As the debate on streaming and setting continues, the study from King's College, London shows that a child's position within the year group has a much greater influence on results.
Professor Dylan Wiliam, one of Britain's leading assessment experts, found that secondary pupils placed in the top maths set score up to three grades higher at GCSE than they would have done if placed in the bottom set.
Professor Wiliam concludes that setting may harm pupils from disadvantaged backgrounds, who are over-represented in bottom sets, and that ministers should give parents a choice of schools to include those which do not set.
While the Prime Minister and, to a lesser extent, the First Minister in Scotland have extolled the virtues of setting or grouping by subject ability, Professor Wiliam warns: "By presuming that setting should be the norm in secondary schools (in England), the Government is denying parents the choice that really matters - being able to send one's children to a school that does not set for mathematics."
The policy in Scotland, and the basis on which school inspections are carried out, is that setting should simply be one of a number of arrangements available to schools - the key test, as it is for flexibility in the curriculum, is whether there are likely to be benefits for the pupils.
Professor Wiliam and Hannah Bartholomew analysed the results of 995 teenagers in six London schools, comparing their GCSE maths grades in 2000 with their 1998 key stage 3 (KS3) scores. They found dramatic differences in progress made by pupils of similar ability according to the set in which they are placed.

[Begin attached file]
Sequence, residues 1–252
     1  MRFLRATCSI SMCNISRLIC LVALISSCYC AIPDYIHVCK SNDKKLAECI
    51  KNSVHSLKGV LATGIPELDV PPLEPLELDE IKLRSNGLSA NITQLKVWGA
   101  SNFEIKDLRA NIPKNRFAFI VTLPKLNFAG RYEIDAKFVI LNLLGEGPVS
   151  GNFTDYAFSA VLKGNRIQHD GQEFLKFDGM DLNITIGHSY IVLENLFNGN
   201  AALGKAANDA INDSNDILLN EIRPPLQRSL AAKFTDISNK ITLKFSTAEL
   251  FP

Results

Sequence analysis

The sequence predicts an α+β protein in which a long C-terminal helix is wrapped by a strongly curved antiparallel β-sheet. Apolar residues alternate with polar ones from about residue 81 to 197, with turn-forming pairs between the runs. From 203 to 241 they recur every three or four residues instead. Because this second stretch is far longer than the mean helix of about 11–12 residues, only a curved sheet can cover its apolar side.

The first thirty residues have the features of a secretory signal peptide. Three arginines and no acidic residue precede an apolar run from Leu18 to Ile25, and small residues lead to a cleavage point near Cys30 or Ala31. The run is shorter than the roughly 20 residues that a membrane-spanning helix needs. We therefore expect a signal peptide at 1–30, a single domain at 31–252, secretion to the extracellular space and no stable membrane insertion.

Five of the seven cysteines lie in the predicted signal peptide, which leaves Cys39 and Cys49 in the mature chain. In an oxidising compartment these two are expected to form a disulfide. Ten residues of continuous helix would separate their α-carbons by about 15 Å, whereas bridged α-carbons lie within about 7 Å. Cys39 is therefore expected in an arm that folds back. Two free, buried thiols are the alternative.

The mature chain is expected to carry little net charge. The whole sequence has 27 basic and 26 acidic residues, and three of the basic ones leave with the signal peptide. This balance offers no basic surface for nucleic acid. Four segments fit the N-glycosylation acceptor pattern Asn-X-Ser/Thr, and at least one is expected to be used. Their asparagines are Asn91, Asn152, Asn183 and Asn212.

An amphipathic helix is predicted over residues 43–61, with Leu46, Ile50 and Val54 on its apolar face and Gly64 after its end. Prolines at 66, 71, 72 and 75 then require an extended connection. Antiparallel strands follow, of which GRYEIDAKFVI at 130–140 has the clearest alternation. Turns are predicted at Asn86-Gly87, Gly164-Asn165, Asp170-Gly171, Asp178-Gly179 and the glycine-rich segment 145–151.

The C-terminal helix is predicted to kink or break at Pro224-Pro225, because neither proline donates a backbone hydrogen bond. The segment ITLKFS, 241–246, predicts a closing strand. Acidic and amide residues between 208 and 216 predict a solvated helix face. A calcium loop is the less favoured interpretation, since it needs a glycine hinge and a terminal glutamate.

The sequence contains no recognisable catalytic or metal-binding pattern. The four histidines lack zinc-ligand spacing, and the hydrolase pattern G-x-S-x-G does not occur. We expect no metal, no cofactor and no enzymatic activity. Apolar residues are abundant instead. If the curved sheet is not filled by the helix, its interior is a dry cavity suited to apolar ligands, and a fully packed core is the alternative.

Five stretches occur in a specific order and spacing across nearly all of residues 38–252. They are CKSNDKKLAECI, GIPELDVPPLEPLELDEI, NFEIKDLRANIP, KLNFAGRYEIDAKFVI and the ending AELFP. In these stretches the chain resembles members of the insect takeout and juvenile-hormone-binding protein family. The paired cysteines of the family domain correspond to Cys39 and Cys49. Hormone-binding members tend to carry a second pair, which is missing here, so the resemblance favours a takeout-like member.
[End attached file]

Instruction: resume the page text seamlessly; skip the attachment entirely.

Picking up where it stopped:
On average across the six schools - all of which set for maths - pupils in the top set achieved half a grade better at GCSE than would have been expected given their performance at KS3, on a "value-added" measure. Those in the bottom set scored half a grade worse than was suggested by their KS3 results, while those in intermediate sets were between these two extremes.
In one school, the differences were even more striking: top-set pupils achieved 1.4 grades higher than expected at GCSE, while the bottom set's results were 1.5 grades worse than expected.
By contrast, when comparing results overall across the six schools, there was little difference in the "value-added" scores.
The best school on this measure saw pupils achieving 0.28 of a GCSE grade better than their KS3 results suggested, while the worst missed by 0.27.
Critics might suggest, the study says, that the findings could be explained by the fact that schools tended to bias higher sets in favour of pupils who wanted to learn, even if they had not done well at KS3.
However, it says the figures did not support this argument. Previous research has suggested that lower-set teachers were less well-qualified and had lower expectations of pupils.
In April, a separate study from London university's institute of education found that pupils who were placed in the wrong set could underachieve in GCSE.
It found that in maths, the structure of some GCSE exam papers, which deny some pupils the chance of a grade C, meant bottom-set pupils were less likely to score well, whatever their ability.